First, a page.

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An introductory survey of the history of the principles and practice of citizenship,
based on the premise that the current condition of Indian citizenship cannot be
fully understood without a knowledge of the historical background

What is the historical background of citizenship ?
History of citizenship describes the changing relation between an individual and the
state, commonly known as citizenship. While there is disagreement about when
citizenship began, many thinkers point to the early city-states of ancient Greece,
possibly as a reaction to the fear of slavery, although others see it as primarily a modern
phenomenon dating back only a few hundred years. Citizenship has generally been
identified not as an aspect of Eastern but Western civilization. There is a general view
that citizenship in ancient times was a simpler relation than modern forms of
citizenship, although this view has come under scrutiny.In Roman times, citizenship
began to take on more of the character of a relationship based on law, with less political
participation than in ancient Greece but a widening sphere of who was considered to be
a citizen. In the Middle Ages in Europe, citizenship was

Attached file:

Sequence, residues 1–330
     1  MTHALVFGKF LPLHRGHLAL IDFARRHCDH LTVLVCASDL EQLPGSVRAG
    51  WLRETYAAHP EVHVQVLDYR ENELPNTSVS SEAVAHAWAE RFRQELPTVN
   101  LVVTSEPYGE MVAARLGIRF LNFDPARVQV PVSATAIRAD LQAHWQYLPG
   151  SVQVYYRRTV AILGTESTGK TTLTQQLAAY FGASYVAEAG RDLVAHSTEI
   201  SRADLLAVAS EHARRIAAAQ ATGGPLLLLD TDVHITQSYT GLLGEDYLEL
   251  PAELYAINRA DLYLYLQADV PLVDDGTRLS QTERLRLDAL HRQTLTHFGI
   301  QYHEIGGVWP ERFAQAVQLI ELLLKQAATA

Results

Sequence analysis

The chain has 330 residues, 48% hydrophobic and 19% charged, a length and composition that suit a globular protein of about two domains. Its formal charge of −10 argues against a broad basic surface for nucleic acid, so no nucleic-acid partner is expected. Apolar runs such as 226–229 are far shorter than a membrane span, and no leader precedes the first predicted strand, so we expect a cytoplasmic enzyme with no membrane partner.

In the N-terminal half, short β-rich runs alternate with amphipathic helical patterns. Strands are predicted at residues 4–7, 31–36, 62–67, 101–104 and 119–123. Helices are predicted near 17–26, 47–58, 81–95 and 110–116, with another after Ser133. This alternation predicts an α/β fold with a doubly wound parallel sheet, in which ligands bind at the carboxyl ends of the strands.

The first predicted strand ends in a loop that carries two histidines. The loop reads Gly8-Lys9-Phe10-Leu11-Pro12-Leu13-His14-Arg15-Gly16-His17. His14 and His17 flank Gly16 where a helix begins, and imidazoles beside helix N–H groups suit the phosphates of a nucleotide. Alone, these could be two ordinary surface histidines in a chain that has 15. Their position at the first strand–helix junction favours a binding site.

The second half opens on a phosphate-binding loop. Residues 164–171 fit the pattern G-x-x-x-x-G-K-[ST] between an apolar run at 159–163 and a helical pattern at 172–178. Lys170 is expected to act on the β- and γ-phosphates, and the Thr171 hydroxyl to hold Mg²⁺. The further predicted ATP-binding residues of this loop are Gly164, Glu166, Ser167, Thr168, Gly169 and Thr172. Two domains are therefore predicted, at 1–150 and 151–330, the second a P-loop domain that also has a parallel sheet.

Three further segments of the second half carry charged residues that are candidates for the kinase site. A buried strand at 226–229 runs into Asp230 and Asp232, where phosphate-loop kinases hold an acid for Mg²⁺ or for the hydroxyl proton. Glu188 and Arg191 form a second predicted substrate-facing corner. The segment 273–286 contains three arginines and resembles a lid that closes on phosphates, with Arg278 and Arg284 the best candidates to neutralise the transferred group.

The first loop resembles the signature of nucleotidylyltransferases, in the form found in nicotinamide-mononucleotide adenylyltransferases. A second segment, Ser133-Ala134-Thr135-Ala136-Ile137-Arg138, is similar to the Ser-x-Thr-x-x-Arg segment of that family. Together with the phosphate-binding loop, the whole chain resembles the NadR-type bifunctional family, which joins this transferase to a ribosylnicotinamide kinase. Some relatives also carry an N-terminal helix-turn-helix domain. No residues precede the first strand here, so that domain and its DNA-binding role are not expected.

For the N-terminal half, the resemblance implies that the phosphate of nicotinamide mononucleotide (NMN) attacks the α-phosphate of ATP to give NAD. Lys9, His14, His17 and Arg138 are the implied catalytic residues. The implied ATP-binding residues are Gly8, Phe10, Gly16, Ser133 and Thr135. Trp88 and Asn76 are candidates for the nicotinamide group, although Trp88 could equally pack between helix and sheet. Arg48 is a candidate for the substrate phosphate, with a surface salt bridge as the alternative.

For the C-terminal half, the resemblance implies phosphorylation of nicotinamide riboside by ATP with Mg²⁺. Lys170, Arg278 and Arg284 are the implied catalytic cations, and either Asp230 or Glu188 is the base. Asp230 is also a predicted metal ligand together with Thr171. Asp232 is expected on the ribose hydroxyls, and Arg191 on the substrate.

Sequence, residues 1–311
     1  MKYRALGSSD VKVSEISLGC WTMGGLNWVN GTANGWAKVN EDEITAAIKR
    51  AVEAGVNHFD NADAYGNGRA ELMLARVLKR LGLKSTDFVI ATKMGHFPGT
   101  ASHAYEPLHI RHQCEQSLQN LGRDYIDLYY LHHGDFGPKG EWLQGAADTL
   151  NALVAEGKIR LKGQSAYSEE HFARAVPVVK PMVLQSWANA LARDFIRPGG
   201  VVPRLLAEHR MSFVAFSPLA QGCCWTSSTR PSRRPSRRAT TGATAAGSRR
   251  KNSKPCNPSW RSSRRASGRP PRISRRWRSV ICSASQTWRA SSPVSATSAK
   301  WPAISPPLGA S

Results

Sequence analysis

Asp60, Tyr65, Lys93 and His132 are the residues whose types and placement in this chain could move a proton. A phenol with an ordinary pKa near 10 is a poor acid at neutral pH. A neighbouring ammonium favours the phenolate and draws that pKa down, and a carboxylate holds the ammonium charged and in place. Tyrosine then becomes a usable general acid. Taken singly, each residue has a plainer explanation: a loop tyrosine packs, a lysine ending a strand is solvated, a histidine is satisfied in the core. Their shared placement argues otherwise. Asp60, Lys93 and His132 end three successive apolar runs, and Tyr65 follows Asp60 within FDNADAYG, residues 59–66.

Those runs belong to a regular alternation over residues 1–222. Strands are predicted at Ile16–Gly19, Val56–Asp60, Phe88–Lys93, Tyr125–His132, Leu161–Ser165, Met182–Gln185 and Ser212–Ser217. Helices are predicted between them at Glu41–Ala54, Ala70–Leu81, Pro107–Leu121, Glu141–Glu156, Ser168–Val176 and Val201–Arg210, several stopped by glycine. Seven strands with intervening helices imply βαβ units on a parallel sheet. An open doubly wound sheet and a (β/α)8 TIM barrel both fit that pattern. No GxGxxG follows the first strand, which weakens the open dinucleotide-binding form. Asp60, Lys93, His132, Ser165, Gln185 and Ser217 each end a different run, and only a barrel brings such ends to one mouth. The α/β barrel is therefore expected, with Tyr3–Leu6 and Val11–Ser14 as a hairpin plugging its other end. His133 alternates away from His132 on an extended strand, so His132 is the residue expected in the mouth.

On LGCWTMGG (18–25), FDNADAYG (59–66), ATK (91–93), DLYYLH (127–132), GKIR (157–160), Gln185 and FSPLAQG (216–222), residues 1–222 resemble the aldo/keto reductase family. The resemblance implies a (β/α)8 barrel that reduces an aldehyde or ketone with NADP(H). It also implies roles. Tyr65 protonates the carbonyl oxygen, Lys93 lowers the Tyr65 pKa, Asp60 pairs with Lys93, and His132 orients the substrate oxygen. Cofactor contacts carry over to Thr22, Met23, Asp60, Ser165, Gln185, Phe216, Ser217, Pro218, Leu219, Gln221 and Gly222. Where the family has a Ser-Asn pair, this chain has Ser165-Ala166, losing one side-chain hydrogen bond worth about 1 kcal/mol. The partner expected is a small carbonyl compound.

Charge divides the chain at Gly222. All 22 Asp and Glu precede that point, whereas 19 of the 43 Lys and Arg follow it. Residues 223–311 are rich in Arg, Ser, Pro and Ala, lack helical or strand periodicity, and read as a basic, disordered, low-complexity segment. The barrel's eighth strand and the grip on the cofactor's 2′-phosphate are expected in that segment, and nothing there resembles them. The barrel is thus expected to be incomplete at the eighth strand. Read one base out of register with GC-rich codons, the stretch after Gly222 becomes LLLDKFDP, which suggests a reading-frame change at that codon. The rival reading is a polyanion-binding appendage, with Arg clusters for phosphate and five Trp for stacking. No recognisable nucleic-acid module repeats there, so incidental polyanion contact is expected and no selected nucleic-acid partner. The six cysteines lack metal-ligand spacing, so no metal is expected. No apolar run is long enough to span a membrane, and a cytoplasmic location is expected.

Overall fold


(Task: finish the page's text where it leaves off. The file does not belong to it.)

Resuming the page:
primarily identified with commercial and secular life in the growing cities, and it came
to be seen as membership in emerging nation-states. In modern democracies,
citizenship has contrasting senses, including a liberal-individualist view emphasizing
needs and entitlements and legal protections for essentially passive political beings, and
a civic-republican view emphasizing political participation and seeing citizenship as an
active relation with specific privileges and obligations.
While citizenship has varied considerably throughout history, there are some common
elements of citizenship over time. Citizenship is a bond that extends beyond
basic kinship ties to unite people of different genetic backgrounds, that is, it is more
than a clan or extended kinship network. It generally describes the relation between a
person and an overall political entity such as a city-state or nation and signifies
membership in that body. It is often based on, or a function of, some form of military
service or expectation of future military service. It is generally characterized by some
form of political participation, although the extent of such participation can vary
considerably from minimal duties such as voting to active service in government. And